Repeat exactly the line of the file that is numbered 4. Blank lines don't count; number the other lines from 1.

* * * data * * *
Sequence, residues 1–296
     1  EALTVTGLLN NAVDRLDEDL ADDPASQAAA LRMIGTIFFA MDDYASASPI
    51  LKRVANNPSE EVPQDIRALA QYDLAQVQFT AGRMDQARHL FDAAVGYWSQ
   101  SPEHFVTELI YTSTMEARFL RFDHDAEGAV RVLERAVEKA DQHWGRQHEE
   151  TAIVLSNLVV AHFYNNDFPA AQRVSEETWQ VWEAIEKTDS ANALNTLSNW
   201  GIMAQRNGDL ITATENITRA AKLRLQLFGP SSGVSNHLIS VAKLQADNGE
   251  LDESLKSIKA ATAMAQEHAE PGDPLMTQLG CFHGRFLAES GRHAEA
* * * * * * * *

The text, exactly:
   101  SPEHFVTELI YTSTMEARFL RFDHDAEGAV RVLERAVEKA DQHWGRQHEE